...to layout a factory to maximize profit and lower costs
...create blueprints for an even better QC
...solve a good portion of all open math problems -- but probably not all
...solve a lot of physics modeling problems -- but not all
...could create models for protein folding that actually work

A QC would literally give us humans answers to hard questions... so we can take those answers and figure out harder problems to solve. but a QC can tell us how to build a better QC... it can run all the optimizations at the same time
El_Nose
not rated yet Apr 29, 2015
And because of its huge potential the country that controls the first QC wins... do not be fooled it is a collabrative effort to figure out the science of creating a QC, but there are races to create a working version.

After its creation we have patent laws and whatever it lays down the design for will be patented locking out close competition for 10 years. Room temp superconductors will be a question posed to it, super tensile materials, energy capture, storage, and generation... all it will need is the data we have been collecting in the information age to answer questions in the Quantum Age. In the same way computers compute arithmetic fast and are awesome calculators, QC's will be awesome modelers, allowing all versions of a model to be simultaneously examined. and the best one picked. The issue is that it may be hard to find general answers instead of exact answers. Sometimes it is best to know everything that answers a question, not just the best answer.
Returners
1 / 5 (2) Apr 29, 2015
El_Nose:

I'm thinking better pathfinding for traffic problems in cities, or even in video games.
Artificial intelligence which is something more than a mere script or linear algorithm.
Faster data processing and optimization for telescope arrays. It may even be possible to use quantum tricks to construct a telescope array with the same resolution while using fewer nodes, which would save enormous amounts of time and funding for new astronomy projects.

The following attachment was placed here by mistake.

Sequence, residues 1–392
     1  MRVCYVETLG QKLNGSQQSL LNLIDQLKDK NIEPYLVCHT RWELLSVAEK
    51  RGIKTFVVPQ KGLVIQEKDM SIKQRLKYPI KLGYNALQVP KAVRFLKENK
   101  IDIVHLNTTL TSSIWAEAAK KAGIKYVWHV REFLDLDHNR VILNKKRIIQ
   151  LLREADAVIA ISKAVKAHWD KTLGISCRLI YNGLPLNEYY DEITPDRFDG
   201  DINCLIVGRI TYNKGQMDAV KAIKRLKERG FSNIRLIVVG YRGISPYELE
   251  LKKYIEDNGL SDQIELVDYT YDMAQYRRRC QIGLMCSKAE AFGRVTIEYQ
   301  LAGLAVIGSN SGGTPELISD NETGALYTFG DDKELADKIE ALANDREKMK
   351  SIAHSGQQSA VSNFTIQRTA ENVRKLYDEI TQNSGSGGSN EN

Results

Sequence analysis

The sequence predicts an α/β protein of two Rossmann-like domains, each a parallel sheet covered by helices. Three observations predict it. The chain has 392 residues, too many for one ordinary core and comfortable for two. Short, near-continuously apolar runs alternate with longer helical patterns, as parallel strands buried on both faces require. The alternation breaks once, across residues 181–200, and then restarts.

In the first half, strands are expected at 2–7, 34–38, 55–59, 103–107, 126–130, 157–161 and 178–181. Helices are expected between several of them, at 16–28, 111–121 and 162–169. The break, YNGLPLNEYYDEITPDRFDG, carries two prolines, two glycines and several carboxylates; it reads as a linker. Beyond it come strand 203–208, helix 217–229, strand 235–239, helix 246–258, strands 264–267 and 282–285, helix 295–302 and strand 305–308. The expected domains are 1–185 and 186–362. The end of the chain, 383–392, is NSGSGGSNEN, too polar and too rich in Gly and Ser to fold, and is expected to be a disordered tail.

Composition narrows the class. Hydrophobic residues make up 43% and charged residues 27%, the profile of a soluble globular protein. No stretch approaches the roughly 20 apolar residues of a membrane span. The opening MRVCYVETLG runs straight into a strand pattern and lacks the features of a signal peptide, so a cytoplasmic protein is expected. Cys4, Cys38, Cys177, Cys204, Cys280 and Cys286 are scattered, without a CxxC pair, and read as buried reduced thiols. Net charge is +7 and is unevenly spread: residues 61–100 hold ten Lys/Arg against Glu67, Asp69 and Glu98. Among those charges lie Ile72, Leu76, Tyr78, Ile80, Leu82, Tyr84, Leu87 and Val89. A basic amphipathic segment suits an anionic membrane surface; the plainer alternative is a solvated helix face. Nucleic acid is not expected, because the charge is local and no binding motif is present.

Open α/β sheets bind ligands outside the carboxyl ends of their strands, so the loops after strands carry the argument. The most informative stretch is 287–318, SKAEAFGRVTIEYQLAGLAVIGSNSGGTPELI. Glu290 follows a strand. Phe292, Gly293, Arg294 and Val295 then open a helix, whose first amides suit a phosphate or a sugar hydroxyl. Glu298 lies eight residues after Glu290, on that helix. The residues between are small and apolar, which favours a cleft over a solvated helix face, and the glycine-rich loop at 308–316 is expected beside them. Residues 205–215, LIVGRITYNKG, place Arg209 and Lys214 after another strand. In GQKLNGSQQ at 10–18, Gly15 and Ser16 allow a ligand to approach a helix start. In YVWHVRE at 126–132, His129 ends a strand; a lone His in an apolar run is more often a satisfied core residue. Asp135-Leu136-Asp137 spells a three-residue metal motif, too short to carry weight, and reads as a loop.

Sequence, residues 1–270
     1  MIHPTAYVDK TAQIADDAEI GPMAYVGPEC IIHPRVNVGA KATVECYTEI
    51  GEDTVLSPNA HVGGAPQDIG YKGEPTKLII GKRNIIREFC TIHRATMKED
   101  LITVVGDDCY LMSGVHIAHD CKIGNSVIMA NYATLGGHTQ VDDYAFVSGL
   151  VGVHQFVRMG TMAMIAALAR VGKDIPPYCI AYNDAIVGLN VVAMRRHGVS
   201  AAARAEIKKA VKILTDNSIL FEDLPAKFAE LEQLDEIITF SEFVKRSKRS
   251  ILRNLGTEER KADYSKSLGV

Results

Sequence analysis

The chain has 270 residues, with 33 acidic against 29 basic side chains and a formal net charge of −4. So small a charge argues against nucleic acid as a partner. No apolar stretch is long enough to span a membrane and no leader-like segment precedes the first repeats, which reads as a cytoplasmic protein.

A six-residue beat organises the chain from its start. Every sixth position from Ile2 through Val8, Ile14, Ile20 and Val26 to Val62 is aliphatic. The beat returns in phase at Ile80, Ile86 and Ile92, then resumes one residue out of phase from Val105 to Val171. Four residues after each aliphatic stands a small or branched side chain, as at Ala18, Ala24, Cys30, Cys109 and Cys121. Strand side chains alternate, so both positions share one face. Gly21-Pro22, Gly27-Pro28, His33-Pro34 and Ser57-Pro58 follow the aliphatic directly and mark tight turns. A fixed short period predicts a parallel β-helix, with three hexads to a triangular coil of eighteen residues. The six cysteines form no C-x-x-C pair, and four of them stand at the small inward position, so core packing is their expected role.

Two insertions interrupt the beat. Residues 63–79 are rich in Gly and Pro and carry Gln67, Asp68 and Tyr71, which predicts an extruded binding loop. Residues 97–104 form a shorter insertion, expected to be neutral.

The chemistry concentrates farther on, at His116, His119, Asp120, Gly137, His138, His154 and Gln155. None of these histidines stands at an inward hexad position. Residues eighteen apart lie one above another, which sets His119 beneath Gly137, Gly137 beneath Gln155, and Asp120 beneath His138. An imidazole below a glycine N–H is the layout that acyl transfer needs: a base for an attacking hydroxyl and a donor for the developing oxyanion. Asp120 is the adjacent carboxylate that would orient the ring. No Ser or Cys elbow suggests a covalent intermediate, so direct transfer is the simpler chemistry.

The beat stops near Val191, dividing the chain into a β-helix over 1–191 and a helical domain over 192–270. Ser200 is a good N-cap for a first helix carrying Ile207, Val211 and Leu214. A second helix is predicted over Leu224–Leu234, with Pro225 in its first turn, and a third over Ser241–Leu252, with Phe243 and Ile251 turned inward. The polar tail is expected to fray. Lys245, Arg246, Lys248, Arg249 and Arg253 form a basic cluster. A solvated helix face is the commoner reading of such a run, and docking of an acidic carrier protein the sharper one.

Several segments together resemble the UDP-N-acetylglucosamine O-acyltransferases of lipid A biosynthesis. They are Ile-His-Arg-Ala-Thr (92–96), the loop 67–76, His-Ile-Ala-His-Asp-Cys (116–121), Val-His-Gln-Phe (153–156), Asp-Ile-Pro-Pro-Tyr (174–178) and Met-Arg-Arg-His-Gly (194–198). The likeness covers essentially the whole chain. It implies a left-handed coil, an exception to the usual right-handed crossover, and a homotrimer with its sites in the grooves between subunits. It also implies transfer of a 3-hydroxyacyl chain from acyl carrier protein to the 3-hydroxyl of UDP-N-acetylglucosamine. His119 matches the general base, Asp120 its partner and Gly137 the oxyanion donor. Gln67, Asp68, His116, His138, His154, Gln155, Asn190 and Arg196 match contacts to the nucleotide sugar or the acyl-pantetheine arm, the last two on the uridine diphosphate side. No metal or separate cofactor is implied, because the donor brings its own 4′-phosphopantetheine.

Of course, you need someone to write the algorithm, and you need a processor that is generalized enough to adapt to such algorithms, preferably algorithms would be written in an assembly language and converted to machine code just like classical computers.

An alternative is to combine several basic types of Q. processors which each solve one or two algorithms and combine them to work by querying one another with their solutions. Essentially coding at the firmware/hardware level, but this is probably more expensive in total.
Returners
1 / 5 (2) Apr 29, 2015
You are assuming our existing data collection has been deep enough and robust enough for the QC to actually get a "quantum" answer. Until we have a few working models we won't even know how complex the input needs to be to solve some of these problems. First attempts at solutions will be wrong, and will only highlight the need for greater resolution of data inputs.

El_Nose
5 / 5 (2) Apr 29, 2015
@returners

pathfinding in a finite region has been solved for the most part -- look up dijkstra's algorithm
AI has a lot of definitions - QC does not solve any real AI problems other than optimization

define "quantum answer" if it can be encoded into data then an answer can be obtained. We know how complex the inputs need to be already... they are the same as for a classical computer - how we arrive at the answer changes